SEMARANG – President of World Society of Victimology (WSV), Prof. Dr. Robert Peacock, explained the connection between crime and Sustainable Development Goals (SDGs). On the second day of 6th ICENIS (International Conference on Energy, Environment, Epidemiology and Information System) held by Postgraduate School of Diponegoro University (UNDIP), on Thursday (5/8/2021), Prof. Peacock was worried about the effect of crime on the sustainable development agenda which is the commitment of nations include as United Nations members.

While guiding the presentation of Prof. Peacock who is also Chair of Department of Criminology at University of Free State, South Africa; The Chair of Undip Board of Professors, Prof. Dr. Purwanto DEA, said that Prof. Peacock’s theme was very interesting. Discussing crime prevention and victimization to achieve the Sustainable Development Goals is something new in the ICENIS series, which has entered its 6th year of implementation.

According to Prof. Peacock, legal and security aspects have not been widely discussed in their contribution to encourage the achievement of Sustainable Development Goals (SDGs) 2030, particularly Goal 16. “Sustainable development, crime and victimization prevention are interrelated and strengthen each other. Combating crime can encourage the achievement of Agenda of SDGs 2030, and conversely the achievement of SDGs can contribute to the eradication of various forms of crime, especially in the midst of the current Covid-19 pandemic condition,” said the WSV President.

For information, WSV or World Society of Victimology is an international non-governmental organization whose membership includes academics and researchers in fields of social sciences, government representatives, doctors, lawyers, law enforcement, emergency service personnel, students and other members of residents. WSV often has a role to provide input and advice to the United Nations Economic and Social Council and the Council of Europe.

Through his presentation entitled “Crime and Victimization in the era of the United Nations Sustainable Development Goals”, Robert reminded the contents of Goal 16, namely to significantly reduce all forms of violence and related death rates everywhere; end harassment, exploitation, trafficking and all forms of violence and child abuse; support national and international legal instruments; equal access to justice for all by 203. Goal 16 also directs countries to significantly reduce the flow of illicit finance and weapons, strengthen the recovery and return of stolen assets and combat all types of organized crime, substantially reduce corruption and bribery in all its forms, build accountable and transparent institutions at all levels, ensure responsive, inclusive, participatory and representative decision-making at all levels and broaden participation of developing countries in global governance and institutions.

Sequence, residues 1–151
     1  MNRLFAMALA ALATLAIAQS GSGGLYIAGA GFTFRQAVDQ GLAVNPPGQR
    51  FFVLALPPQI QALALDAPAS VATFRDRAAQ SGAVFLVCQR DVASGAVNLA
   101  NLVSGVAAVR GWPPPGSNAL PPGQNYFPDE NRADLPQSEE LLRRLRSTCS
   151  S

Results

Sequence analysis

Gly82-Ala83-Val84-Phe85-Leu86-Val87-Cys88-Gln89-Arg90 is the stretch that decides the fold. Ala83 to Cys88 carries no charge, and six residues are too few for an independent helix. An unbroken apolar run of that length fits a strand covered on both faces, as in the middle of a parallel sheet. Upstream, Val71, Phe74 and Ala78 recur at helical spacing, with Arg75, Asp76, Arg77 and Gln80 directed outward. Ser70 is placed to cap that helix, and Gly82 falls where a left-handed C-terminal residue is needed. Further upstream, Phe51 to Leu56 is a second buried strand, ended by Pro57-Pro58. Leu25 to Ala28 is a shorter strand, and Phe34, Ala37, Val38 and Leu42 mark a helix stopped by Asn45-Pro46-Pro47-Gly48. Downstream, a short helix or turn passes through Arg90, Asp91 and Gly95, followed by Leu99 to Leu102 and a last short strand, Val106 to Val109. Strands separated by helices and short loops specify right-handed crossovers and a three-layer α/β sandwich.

“As a framework, the SDGs extend the MDGs in many aspects, especially concerning the relationship between social, economic and environmental aspects, including significantly reducing violence, suicide, death; eliminating violence against women and children; ensuring equal access for everyone including the victims,” said Robert, who was once served as Head of Department of Criminal Justice and Criminology at Monash University.

He emphasized that without the Covid-19 pandemic, we are actually still not on the track towards achieving the SDGs in 2030. Therefore, with the outbreak of Covid-19, it is estimated that achievement will be even more difficult. On the other hand, at the same time the pandemic actually creates an opportunity to develop a recovery plan.

Before the pandemic occurred, said Robert, there were 4 billion people who had not received any social protection at all. Moreover in 2020 there were more than 71 million people fell into extreme poverty, while at the same time various natural disasters occurred and made the poverty gap deeper. Regarding the second target, namely the absence of hunger, it is certain that with a pandemic that also threatens the food system, this target will be increasingly difficult to achieve.

Robert suspected that there would be many stunted children. There will also be more children who cannot go to school, or are forced to leave school due to economic difficulties (Goal 4).

Regarding the Goal 5, namely gender equality, it is feared that limiting activities or what is commonly known as a lockdown will increase the risk of violence against women and children. In some countries, it is reported that there has been a 30% increase in domestic violence.

Regarding Goal 8, namely decent work and economic growth, it is also predicted that it will be difficult to achieve because there are millions of informal sector workers who have lost their jobs due to the pandemic.

Robert closed his presentation by offering several alternative thoughts and activities that concluded the opportunity to develop a recovery plan for achieving SDGs, including by increasing the character of sustainability research to become more interdisciplinary and transdisciplinary. Thus the research will be more oriented to find solutions for community needs within the framework of glocalization and multilateralism.

Involved parties from local, national, international and regional levels must be seen as equals in a people-oriented victimization discourse. Policy makers must be unbiased by involving more ‘strong communities’ because this does not lead to systemic solutions,” he said. (PR team)

Translated by: Titis – Public Relations